Wednesday, January 4, 2012

Review: The Night Circus by Erin Morgenstern

Finished: October 20, 2011

Synopsis: The circus arrives without warning. No announcements precede it. It is simply there, when yesterday it was not. Within the black-and-white striped canvas tents is an utterly unique experience full of breathtaking amazements. It is called Le Cirque des Rêves, and it is only open at night. But behind the scenes, a fierce competition is underway—a duel between two young magicians, Celia and Marco, who have been trained since childhood expressly for this purpose by their mercurial instructors. Unbeknownst to them, this is a game in which only one can be left standing, and the circus is but the stage for a remarkable battle of imagination and will. Despite themselves, however, Celia and Marco tumble headfirst into love—a deep, magical love that makes the lights flicker and the room grow warm whenever they so much as brush hands. [via goodreads]

Quote: “You think, as you walk away from Le Cirque des Reves and into the creeping dawn, that you felt more awake within the confines of the circus. You are no longer quite certain which side of the fence is the dream.”

Thoughts: The Night Circus is such a beautiful tale that I don’t feel that words in a review can do it justice. This is a story of both timing and fate. Of love letters made of magic, and of sugary confections that make you want to run to the kitchen in the middle of the night. It is the story of The Circus of Dreams.

The circus itself became a character for me, and was perhaps my favorite character of all, but I didn’t feel that the other characters in the story were neglected. I absolutely adored Poppet and Widget. They are born to the circus and travel with the circus as they grow up. It feels like their perception of the circus grounds is the most magical and also the most intimate. The two magicians chosen to compete and create the circus, Marco and Celia, left me feeling as though I was always watching them from a bit of a distance, and would never be able to get quite as close as I wanted. This may have been due to the third person narrative that the majority of the book was written in. For the most part, I felt that the choice to write the novel this way was perfect, and allowed the reader to experience the circus from all possible perspectives. We saw the circus from the eyes of those in the circus, of those on the outside but tied to the circus in some way (whether by choice or not) and through the eyes of the dreamers who deserve to be cited separately from the others. Their dedication to the circus - to dreams - causes them to follow the circus around the world. Wouldn’t we all love to follow our dreams so far?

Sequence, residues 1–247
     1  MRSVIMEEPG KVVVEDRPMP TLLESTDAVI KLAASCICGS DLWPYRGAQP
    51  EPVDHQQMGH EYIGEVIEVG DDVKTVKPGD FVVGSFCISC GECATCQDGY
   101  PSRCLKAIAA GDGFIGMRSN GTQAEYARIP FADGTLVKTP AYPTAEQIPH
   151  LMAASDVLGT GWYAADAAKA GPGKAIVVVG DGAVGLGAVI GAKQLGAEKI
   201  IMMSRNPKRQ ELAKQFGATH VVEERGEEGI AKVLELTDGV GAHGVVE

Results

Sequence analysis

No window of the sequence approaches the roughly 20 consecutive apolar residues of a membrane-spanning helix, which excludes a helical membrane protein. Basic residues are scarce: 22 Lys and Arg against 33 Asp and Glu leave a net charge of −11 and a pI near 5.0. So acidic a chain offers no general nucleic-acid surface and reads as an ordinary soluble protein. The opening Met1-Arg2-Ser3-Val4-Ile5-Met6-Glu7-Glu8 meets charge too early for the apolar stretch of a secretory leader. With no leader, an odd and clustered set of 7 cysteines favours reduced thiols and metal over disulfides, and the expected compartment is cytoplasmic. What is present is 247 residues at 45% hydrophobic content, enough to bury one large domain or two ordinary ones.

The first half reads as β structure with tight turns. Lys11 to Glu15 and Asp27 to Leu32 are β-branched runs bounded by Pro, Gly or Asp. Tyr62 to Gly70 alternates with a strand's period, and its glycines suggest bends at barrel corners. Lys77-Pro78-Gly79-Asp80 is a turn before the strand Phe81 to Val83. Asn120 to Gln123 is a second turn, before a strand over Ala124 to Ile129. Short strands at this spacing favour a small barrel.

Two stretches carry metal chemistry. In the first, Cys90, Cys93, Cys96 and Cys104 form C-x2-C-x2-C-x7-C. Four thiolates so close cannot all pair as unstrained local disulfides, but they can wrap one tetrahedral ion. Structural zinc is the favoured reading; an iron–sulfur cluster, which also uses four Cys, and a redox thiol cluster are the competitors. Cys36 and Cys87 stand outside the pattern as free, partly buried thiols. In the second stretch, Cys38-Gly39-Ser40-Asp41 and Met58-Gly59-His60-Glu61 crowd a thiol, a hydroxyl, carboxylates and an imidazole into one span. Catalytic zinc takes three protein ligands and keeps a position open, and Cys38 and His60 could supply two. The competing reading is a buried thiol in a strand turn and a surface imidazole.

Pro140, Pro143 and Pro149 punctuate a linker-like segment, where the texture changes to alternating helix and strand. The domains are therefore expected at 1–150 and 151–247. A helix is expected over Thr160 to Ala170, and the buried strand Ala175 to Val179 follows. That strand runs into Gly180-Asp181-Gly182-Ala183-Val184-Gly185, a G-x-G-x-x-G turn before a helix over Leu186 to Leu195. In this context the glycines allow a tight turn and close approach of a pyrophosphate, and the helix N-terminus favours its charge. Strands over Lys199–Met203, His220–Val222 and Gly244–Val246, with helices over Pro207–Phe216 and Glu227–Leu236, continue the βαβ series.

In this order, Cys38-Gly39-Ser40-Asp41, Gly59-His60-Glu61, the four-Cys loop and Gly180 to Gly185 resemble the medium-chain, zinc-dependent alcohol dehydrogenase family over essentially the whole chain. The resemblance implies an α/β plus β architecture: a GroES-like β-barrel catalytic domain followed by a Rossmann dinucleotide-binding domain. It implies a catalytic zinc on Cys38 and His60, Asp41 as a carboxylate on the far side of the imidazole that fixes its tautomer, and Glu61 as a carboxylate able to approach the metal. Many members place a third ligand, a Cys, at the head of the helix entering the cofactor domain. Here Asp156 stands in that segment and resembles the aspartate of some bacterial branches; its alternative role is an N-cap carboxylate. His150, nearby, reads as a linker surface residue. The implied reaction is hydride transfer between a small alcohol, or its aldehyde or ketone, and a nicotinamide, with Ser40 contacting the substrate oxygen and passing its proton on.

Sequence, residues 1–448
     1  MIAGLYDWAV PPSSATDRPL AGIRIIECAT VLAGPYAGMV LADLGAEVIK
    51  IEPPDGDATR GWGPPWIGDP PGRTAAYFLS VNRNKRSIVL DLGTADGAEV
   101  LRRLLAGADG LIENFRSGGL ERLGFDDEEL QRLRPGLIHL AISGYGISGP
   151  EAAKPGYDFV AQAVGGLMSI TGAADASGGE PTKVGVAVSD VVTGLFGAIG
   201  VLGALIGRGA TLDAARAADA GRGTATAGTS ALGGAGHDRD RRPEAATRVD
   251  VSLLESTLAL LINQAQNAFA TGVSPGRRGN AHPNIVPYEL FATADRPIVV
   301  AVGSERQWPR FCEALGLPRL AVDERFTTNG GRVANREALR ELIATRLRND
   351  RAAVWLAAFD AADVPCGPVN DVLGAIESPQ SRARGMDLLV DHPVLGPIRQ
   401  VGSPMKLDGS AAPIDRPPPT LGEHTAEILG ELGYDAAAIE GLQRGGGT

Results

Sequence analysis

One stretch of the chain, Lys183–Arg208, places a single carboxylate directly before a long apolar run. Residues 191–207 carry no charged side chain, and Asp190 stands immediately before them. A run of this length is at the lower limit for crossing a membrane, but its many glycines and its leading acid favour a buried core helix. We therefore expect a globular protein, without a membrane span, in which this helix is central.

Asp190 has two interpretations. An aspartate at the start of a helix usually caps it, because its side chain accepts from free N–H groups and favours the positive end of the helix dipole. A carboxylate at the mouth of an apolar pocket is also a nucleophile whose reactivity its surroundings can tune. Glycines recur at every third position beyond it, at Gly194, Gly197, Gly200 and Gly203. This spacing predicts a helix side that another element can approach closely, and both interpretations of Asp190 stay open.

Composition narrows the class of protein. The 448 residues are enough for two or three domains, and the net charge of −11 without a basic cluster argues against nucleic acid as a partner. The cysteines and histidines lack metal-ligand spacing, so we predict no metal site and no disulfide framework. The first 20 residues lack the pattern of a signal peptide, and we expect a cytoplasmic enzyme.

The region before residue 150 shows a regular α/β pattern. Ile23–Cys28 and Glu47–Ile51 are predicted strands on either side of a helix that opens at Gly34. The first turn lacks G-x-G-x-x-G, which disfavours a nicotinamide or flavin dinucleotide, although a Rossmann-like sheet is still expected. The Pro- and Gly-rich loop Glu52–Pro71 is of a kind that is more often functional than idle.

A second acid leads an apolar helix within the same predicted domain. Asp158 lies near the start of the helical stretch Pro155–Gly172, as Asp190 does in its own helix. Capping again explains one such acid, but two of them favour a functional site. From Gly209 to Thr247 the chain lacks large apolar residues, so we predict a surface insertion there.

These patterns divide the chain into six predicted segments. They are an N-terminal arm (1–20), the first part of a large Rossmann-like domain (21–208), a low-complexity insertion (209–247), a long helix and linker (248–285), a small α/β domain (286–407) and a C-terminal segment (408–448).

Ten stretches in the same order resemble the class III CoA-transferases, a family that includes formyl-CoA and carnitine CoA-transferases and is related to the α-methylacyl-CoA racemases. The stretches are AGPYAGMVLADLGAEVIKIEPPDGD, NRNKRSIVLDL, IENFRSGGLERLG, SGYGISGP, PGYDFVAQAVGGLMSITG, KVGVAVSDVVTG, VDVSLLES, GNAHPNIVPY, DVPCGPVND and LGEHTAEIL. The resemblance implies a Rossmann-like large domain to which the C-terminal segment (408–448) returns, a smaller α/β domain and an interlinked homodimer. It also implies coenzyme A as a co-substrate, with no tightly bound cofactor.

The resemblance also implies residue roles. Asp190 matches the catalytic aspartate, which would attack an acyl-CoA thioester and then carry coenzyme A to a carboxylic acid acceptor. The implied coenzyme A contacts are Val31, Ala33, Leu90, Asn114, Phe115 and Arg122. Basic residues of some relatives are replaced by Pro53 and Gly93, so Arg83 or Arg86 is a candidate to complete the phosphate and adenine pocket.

There are also occasional chapters written in the second person that allow us to experience the circus as if we are there. The author speaks to the reader directly and invites us to this magical circus to experience the sights, smells, and tastes for ourselves. I found that the perfect setting for reading this book was curled up in the dark (the circus only comes out at night, after all) with a sweet smelling candle lit. It really added to the ambiance, which seems important, because it felt to me that this story was more of an experience than just merely pages bound together in a book.

I think it’s important to mention that despite all of the praise you see above, this book was definitely written with a specific sort of reader in mind. If you don’t have a fondness for stories that revolve around the circus, are annoyed by very descriptive writing, tire easily of stories that jump around a lot and contain many threads, or can’t abide a book that doesn’t have a great deal of action, then you will not like this book. However, if you love to watch magical worlds being built in the charming sort of way that I’ve only previously seen accomplished by Rowling and Gaiman, then you may find something here that you will fall in love with and miss when it’s over. You may just become a dreamer yourself.


Five out of Five Coffees


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